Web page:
The Detroit Downtown Development Authority, headed by Mayor Mike Duggan, is a public agency founded in the 1970s designed to support private investment and business growth to boost business activity in downtown Detroit. According to its website, the DDA is funded from grants, contracts, loan interest and recorded tax increases for approved developments.
In 2014, the Detroiters voted to extend the Detroit Public Library’s operating mill for 10 years. The language of choice indicated that “5% of the taxes levied may be collected by the Detroit Economic Growth Corporation tax-raising authorities, as required by law.”
Jo Anne G. Mondowney, executive director of the Detroit Public Library, said during the meeting Tuesday that the amount of revenue from collecting library mills annually is above voters approved since 2017. Over the past 22 years, the Detroit Public Library’s stake in the Millage tax record has totaled $ 48.5 million in revenue for economic development projects in the city of Detroit, Mondowney said during the meeting.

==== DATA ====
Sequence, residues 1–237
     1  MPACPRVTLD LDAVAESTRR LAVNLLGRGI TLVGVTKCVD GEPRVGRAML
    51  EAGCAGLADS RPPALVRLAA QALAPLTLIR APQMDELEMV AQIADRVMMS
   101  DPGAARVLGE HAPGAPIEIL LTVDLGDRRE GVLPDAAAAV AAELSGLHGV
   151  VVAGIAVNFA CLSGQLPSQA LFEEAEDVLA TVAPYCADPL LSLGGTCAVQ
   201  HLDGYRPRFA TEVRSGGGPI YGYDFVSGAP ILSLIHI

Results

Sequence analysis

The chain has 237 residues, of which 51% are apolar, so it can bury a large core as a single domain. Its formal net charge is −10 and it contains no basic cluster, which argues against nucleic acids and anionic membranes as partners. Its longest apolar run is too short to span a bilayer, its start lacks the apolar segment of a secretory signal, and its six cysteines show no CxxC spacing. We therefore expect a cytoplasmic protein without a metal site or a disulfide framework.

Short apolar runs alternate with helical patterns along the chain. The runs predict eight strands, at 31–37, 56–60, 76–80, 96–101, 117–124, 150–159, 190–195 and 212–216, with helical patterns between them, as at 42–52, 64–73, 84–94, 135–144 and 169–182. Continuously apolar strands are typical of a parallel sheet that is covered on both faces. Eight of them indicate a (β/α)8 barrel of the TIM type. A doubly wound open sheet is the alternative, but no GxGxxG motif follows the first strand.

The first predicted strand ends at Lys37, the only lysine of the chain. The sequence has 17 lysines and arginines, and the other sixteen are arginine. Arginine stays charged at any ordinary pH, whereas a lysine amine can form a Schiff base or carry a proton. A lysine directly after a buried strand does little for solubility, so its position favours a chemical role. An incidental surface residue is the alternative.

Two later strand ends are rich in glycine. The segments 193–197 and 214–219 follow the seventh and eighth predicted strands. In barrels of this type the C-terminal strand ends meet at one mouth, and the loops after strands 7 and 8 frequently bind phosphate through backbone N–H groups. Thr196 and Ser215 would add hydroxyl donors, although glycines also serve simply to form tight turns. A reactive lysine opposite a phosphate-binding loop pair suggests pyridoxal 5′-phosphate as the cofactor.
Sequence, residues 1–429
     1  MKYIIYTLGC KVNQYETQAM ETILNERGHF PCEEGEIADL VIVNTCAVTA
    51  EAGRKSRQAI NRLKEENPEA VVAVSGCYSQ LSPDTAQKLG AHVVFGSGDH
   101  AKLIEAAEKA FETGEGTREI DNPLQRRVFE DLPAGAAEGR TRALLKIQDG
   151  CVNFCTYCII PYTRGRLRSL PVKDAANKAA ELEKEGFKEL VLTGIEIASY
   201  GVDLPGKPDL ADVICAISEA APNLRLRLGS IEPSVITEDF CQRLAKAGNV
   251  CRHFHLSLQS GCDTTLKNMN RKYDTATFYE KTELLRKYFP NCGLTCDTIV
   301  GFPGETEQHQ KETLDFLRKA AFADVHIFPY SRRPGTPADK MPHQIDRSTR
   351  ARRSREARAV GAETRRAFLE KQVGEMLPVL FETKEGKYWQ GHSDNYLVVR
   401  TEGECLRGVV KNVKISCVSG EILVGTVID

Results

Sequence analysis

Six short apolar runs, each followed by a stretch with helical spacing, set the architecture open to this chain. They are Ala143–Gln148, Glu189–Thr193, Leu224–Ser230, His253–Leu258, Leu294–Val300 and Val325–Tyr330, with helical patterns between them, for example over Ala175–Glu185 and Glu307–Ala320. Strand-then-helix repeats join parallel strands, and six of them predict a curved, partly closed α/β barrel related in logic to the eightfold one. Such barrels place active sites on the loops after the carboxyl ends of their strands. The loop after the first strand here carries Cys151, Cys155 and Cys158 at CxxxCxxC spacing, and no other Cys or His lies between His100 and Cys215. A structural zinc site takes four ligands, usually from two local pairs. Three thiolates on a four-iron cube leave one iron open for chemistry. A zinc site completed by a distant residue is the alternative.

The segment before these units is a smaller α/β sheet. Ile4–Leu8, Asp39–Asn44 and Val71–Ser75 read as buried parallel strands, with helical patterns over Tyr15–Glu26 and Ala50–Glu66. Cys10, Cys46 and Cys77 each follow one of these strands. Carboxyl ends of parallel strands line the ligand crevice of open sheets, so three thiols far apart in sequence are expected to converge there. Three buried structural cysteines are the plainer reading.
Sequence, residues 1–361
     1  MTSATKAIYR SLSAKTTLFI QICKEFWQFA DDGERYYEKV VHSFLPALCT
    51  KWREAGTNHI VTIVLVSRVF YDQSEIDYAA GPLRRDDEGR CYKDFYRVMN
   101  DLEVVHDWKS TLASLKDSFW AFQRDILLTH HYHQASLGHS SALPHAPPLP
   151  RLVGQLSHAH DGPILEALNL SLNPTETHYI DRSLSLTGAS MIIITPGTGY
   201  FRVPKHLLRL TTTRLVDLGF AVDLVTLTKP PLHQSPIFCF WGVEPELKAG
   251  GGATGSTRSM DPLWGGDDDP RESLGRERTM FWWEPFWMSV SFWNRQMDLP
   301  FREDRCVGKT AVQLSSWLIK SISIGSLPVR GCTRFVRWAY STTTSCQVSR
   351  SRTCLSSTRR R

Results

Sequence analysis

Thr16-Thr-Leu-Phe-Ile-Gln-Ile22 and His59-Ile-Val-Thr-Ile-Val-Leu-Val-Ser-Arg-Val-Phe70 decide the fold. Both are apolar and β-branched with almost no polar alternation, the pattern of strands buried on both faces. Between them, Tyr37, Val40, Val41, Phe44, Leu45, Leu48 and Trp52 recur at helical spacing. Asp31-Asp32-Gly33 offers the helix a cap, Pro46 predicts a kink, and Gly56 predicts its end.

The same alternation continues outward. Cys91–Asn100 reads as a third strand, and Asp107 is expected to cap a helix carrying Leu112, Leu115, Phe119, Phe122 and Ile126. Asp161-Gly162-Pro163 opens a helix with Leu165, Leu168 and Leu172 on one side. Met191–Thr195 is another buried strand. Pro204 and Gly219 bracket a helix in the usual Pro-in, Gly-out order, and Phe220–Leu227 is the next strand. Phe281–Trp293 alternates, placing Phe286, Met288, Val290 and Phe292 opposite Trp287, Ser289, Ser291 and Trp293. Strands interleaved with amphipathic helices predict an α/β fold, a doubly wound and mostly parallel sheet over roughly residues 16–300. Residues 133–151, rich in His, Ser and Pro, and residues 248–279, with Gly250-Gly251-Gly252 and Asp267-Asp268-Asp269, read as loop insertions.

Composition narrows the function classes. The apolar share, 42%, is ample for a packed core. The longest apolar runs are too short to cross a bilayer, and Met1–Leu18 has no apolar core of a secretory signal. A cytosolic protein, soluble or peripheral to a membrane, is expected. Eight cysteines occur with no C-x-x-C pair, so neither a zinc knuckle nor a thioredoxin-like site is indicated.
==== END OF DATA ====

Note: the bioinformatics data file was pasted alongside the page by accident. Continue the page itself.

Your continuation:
The library operations are funded primarily through a tax of $ 4.63 million, which is about $ 230 for a home with a taxable value of $ 50,000.
Mondowney said approximately 89% of the library’s revenue comes from their millage. Tax registration reduces the library’s ability to reopen libraries and provide services, Bellant said. Out of 21 libraries, only six branches are currently open. They were closed because of the COVID-19 pandemic.
“We can’t run 21 stores on a budget it no longer supports, and that means reduced neighborhood services, that is, stores that have literacy programs where kids go after school until their parents come and pick them up. ” Bellant said.
In 2019, there were approximately 3 million visits to branches of the Detroit Public Library, according to a recent budget analysis. The library provided public access to more than 1,000 computers, and more than 250,000 children, adolescents and adults participated in community programs prior to the COVID-19 pandemic.